When Republicans took the House in the midterm election of 2010, they brought the activist presidency of Barack Obama to a screeching halt. Thereafter, all efforts to advance the Democratic Party agenda were the result of executive actions that could not be blocked by the legislative branch—but could be blocked otherwise. The most notorious examples: the unilateral naturalizations of the Dreamers, which were undone by the courts, and the Iran deal, which was undone by the next president.

So it’s been a pretty arid decade for the left in terms of national policy, a fact that is even more maddening than it might have been for them because they view the Trump presidency and the Republican party as illegitimate—the presidency because Trump didn’t win the popular vote and the party because it has given in to the supposedly illegitimate president’s wants and needs.

The November 2018 election, which featured unprecedented turnout and a midterm Democratic vote of an astounding 62 million, thus represented an explosion of pent-up liberal and Democratic energy eight years in the making. The problem for Democrats and the left is that the aftermath of an explosion isn’t necessarily the best environment in which to move forward.

Because Democrats and liberals have spent most of the decade talking to each other about what’s gone wrong in America and have been whipping themselves into a frenzy, they began 2019 with policy pronouncements that sound like they emerged from an editorial-board meeting of the staff of the student newspaper at Caracas State University.

Proposals for a “Green New Deal” include the retrofitting of every existing building in America, the phasing-out of the internal combustion engine, and the replacement of airplane travel with high-speed rail. I will forbear on the issue of farting cows. While it is true that Democrats got many votes in 2018, it is far from clear that those who voted them in did so with the thought their newly elected officials were going to take away their cars.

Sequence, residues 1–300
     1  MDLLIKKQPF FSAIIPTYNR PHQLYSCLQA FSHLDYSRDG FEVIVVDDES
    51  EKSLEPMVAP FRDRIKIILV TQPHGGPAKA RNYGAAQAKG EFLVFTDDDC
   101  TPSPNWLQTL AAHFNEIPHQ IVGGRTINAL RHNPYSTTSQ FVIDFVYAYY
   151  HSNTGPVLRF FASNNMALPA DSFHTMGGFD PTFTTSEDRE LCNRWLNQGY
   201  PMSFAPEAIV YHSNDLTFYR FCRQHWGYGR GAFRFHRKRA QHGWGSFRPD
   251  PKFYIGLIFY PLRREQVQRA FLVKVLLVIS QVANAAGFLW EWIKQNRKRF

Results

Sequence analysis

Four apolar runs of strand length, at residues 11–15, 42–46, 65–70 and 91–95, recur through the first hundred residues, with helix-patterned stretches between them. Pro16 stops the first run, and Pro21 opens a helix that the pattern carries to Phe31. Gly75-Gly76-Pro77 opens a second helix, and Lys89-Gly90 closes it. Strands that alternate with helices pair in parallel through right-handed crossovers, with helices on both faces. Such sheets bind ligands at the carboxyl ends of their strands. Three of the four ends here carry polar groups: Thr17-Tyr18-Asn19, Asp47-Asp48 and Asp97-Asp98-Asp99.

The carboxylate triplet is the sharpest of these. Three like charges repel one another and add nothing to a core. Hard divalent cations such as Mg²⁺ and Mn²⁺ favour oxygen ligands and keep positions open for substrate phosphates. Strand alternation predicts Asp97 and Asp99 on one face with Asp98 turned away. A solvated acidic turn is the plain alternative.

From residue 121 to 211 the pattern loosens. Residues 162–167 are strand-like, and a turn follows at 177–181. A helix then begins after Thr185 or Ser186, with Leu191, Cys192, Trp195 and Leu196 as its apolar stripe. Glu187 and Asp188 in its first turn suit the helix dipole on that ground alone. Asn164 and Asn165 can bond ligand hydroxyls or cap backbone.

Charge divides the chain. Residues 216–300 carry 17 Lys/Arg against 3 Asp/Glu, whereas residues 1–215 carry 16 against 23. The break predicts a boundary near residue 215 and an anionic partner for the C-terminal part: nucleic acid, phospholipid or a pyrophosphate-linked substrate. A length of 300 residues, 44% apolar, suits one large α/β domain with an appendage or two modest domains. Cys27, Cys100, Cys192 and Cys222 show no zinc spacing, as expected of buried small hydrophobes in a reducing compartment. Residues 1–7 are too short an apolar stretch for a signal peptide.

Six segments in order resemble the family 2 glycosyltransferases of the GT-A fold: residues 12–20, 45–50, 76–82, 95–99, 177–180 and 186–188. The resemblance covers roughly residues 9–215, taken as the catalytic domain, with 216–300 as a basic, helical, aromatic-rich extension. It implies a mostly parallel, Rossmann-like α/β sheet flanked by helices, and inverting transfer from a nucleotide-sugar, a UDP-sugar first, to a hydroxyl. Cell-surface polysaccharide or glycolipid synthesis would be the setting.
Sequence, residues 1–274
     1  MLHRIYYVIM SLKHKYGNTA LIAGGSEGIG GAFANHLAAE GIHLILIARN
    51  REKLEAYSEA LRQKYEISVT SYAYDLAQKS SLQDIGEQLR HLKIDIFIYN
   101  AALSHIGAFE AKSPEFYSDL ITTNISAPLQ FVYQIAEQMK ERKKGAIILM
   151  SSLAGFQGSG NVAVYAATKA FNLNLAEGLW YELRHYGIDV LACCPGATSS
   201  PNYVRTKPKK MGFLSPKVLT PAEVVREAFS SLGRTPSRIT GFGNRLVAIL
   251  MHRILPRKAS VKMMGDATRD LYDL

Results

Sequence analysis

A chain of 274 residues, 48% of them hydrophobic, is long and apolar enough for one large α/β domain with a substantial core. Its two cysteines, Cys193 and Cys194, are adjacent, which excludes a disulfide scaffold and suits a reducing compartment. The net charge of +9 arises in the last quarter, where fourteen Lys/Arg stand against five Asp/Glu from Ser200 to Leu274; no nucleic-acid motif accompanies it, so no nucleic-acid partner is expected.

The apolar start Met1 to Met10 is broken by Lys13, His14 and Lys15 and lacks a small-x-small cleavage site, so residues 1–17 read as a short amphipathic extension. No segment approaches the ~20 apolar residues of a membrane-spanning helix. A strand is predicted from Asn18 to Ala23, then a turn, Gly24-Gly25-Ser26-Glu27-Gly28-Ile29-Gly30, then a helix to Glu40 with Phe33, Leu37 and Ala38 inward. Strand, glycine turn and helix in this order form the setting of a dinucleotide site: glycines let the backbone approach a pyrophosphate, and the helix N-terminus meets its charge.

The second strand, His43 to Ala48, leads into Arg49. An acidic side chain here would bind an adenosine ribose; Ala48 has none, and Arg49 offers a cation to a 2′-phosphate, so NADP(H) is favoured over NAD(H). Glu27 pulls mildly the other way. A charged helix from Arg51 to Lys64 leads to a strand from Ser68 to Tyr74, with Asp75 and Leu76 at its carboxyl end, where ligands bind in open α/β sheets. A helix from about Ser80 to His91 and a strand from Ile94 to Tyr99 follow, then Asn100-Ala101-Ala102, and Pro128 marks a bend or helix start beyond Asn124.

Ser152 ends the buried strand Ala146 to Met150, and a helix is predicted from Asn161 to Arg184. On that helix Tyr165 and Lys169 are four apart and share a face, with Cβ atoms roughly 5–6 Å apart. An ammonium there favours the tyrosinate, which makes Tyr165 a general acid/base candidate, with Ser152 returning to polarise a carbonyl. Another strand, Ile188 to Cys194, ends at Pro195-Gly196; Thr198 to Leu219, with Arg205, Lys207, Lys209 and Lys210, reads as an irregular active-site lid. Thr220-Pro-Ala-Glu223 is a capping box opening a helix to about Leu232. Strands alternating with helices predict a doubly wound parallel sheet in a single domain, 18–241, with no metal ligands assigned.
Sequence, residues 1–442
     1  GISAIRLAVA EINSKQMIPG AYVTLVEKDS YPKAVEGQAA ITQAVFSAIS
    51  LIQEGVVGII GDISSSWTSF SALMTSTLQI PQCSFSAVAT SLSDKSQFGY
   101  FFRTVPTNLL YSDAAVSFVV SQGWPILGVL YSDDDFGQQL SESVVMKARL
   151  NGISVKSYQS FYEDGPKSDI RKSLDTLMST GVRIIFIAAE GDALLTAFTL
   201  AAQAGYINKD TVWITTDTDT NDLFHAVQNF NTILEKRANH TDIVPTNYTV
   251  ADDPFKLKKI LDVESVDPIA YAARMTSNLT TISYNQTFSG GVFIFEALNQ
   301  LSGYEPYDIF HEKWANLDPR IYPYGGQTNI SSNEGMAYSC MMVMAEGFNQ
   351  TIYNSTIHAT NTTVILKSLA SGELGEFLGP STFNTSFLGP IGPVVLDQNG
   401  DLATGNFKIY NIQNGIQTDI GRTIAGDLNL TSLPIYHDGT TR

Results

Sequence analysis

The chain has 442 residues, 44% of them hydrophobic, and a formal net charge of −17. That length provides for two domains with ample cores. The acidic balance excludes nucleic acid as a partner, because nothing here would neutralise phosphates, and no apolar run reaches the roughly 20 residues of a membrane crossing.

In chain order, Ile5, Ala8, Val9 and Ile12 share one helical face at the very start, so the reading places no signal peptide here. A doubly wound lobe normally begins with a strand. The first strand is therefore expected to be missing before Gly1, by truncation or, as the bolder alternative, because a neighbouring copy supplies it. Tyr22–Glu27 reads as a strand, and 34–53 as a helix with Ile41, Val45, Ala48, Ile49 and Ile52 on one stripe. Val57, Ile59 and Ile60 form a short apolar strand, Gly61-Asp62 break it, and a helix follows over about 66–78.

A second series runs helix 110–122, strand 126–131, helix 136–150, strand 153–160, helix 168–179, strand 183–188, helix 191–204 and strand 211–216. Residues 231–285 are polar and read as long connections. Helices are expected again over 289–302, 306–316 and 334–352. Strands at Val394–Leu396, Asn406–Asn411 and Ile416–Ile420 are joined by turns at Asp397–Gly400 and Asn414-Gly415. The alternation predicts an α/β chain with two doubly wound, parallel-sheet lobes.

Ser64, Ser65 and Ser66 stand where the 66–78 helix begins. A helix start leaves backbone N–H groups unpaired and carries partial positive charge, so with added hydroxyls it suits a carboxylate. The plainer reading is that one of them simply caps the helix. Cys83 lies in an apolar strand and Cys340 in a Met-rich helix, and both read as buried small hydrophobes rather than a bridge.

Meanwhile, a Democratic candidate for president said she was “over” private health insurance—when 67 percent of Americans have private health insurance, and 77 percent of Americans say they consider the care they receive “excellent” or “good,” according to a 2018 Gallup survey. She spoke off the cuff and walked her remark back, but it was an indication of the comfort level Democrats now feel with ideas that would have been condemned as radical by…Barack Obama.

Many people came to think the Tea Party Republicans who came to Washington in 2011 were nuts because they were so uncompromising and so determined to gum up the works. The problem for the Republican radicals of the Obama midterm was that logic dictated they had to do some things just to keep the government open and functioning, and they could not reconcile this fact with their hatred of government in general and the federal government in particular.

For Democratic radicals, the problem is very nearly the opposite. They have come to Washington determined not to do some things, but to do everything. There is no aspect of the government they do not want to enhance, no amount of governmental involvement in the economy they do not wish to extend.

They want to expand public largesse, increase taxation, and use the law as a form of direct social engineering. But they cannot succeed in doing so with a Republican president and a Republican senate. That may frustrate them even further, as the conundrum of having to govern while opposing government deeply frustrated Republicans from 2011 onward. Or Democrats and leftists may look at these initiatives as a road map to the glorious future when they do have the reins of power.

Donald Trump surely looks at them as the road map to his glorious reelection.